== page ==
Model suggests U.S. opened up too early as COVID-19 ran wild

A new modeling framework designed to track the transmission of severe acute respiratory syndrome coronavirus (SARS-CoV-2) in the U.S. suggests that the coronavirus disease 2019 (COVID-19) epidemic was not under control by the end of May - just before containment measures were relaxed.

The model, developed by researchers at Imperial College London, showed that although daily infections had reduced in most states by June 1st, a vast reservoir of infectious individuals still posed a risk of continued transmission.

The new modeling framework showed that the reproduction number was still too high in many states and that the relaxation of interventions introduced in June, without other measures in place, would lead to increased cases of infections.

A pre-print version of the paper is available on the server medRxiv*, while the article undergoes peer review.

Civil protest in Downtown Chicago against the restrictions placed upon the citizens. Image Credit: Kevin Kipper / Shutterstock

Civil protest in Downtown Chicago against the restrictions placed upon the citizens. Image Credit: Kevin Kipper / Shutterstock

The U.S. tried to curb the spread of SARS-CoV-2

The first COVID-19-related death in the U.S. was reported in California on February 6th. Throughout March, the government introduced non-pharmaceutical interventions (NPIs) such as school closures and stay-at-home orders to help curb the spread of SARS-CoV-2.

During April, the reported number of COVID-19-related deaths had surpassed that of Italy, one of the most severely impacted countries in the world.

Assessing the impact of containment measures

Flaxman and colleagues sought to estimate the impact that NPIs and other behavioral changes had on the transmission of COVID-19 at the state-level.  

They used a new “semi-mechanistic Bayesian model” they had developed to assess the underlying disease transmission based on publicly available mobility data released by companies such as Google.

“Mobility measures reveal stark changes in behavior following large-scale government interventions, with individuals spending more time at home and correspondingly less time at work, at leisure centers, shopping, and on public transit,” explains the team.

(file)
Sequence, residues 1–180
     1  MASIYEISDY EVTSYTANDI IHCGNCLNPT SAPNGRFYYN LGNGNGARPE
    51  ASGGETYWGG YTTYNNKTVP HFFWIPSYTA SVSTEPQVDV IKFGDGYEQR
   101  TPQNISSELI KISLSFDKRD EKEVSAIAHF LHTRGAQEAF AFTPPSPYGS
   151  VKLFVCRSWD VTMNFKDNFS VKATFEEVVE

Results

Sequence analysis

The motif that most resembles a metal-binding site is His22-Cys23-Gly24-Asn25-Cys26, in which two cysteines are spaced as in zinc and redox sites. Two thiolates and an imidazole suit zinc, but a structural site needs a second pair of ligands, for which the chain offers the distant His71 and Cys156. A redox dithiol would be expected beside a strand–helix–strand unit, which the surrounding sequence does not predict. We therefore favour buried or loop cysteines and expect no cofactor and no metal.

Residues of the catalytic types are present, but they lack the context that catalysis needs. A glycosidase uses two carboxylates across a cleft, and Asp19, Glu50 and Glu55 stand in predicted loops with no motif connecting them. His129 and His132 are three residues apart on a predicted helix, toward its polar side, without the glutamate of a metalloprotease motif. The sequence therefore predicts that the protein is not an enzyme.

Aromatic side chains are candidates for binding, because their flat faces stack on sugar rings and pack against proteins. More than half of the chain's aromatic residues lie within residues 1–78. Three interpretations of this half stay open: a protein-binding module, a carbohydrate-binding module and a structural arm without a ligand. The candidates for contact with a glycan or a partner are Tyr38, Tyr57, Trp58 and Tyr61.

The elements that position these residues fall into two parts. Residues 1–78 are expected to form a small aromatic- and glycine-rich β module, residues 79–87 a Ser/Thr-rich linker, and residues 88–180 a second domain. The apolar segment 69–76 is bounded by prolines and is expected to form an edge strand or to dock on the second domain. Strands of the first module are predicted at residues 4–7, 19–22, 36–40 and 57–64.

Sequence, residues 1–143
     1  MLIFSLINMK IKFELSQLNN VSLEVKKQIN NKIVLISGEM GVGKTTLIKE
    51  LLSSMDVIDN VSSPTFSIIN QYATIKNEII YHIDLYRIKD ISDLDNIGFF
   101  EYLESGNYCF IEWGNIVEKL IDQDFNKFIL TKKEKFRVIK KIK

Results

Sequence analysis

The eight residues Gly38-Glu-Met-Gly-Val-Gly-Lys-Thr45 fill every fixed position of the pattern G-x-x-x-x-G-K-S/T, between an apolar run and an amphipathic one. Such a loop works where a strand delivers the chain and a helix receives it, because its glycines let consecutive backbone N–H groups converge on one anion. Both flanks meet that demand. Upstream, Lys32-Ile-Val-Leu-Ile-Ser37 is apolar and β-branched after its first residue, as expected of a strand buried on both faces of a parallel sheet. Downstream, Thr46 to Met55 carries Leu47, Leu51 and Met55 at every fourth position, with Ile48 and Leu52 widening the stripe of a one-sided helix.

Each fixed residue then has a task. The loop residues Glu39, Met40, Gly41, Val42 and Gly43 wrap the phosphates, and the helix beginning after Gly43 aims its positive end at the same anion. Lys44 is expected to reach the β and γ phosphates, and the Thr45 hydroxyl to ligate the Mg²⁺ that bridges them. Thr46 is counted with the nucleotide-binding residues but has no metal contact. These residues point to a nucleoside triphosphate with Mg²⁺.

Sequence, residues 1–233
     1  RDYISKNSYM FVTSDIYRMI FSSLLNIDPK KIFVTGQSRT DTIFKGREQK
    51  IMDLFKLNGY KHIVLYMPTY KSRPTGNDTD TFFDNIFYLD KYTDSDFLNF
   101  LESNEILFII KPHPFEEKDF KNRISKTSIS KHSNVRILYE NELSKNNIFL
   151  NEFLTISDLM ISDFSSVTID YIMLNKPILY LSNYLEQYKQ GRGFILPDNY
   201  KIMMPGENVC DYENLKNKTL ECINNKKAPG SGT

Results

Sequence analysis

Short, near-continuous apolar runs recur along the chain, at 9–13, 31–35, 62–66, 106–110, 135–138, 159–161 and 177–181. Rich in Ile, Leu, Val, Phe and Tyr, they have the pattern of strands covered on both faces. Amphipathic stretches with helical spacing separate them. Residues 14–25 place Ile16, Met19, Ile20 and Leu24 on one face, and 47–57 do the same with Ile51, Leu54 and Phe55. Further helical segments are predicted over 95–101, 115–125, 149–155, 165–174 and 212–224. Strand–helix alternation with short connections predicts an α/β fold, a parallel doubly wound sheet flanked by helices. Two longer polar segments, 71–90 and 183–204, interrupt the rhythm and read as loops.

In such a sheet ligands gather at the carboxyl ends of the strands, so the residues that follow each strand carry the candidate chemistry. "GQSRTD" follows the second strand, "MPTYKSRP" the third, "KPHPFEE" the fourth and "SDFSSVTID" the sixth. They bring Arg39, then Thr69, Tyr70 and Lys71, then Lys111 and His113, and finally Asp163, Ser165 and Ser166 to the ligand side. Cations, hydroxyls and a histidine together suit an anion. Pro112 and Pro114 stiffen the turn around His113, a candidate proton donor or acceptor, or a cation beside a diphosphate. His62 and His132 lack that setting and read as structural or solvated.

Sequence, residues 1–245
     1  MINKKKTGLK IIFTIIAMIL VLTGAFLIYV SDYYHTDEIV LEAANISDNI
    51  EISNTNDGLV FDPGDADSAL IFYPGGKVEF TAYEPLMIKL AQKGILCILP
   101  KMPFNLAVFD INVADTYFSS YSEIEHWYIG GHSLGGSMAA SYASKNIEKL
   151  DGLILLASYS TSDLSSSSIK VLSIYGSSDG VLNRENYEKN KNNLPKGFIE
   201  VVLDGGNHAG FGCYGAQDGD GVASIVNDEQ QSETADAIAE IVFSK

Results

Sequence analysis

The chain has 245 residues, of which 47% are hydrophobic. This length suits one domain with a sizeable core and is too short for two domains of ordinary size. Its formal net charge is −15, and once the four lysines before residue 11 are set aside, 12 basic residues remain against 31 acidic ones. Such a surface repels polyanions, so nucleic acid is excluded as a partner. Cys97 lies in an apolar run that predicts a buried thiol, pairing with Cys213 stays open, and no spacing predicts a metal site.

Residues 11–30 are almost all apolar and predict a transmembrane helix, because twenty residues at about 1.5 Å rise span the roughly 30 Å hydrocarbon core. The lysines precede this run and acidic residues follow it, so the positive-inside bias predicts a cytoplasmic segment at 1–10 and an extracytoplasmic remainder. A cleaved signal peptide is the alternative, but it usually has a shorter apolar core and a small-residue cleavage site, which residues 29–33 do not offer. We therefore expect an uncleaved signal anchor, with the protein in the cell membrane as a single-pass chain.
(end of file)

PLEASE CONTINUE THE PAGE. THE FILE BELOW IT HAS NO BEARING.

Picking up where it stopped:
According to the authors, some state governments, including the Colorado Department of Public Health, have already started using similar mobility data to inform changes to social distancing guidelines.

“As states ease the stringency of their NPIs, future policy decisions will rely on the interaction between mobility and NPIs and their subsequent impact on transmission, alongside other measures to track and curtail SARS-CoV-2 transmission,” they add.

How does the new model work?

The new Bayesian statistical framework estimates the transmission intensity based on time-varying reproduction number (Rt) and the “attack rate” (proportion of the population infected) based on the reported number of deaths.

The team estimated the “posterior probability” of their parameters, which refers to the statistical likelihood of a hypothesis being true given the data observed, while also incorporating prior uncertainty.

The researchers say this renders the approach empirically-driven while accounting for as many areas of uncertainty as possible.

The model also estimated the number of currently infectious people and made short term forecasts, which were compared with the actual infection numbers that were recorded throughout June.

What were the results generated?

According to the models’ estimates, the average proportion of people infected by COVID-19 on June 1st  was 3.7%.

However, this national average masked wide state-by-state variations. Attack rates were as high as 15.9% and 14.8% in New York and New Jersey, respectively, and also higher than 10% in Connecticut and Massachusetts.

Among states that experienced outbreaks early on in the epidemic, such as California and Florida, attack rates were around 2%. In some states such as Maine, where the epidemic was still in the early stages, the attack rate was below 1%.

“The U.S. epidemic was not under control in many states”

According to the authors, although initial reductions in the daily infection rate had occurred in most states by June 1st, “the reservoir of infectious individuals still remained large with approximately 0.01% of the population being infectious on that date and posing a risk of further transmission.”

The model also estimated that the posterior mean Rt was above one in 23 states on June 1st, and the researchers say they could not be more than 95% confident that the Rt was below one in any state.

“These reproduction numbers suggest that the U.S. epidemic was not under control in many states and that the loosening of interventions seen in June, without additional measures in place, would result in increased infections,” conclude Flaxman and colleagues.

*Important Notice

medRxiv publishes preliminary scientific reports that are not peer-reviewed and, therefore, should not be regarded as conclusive, guide clinical practice/health-related behavior, or treated as established information.

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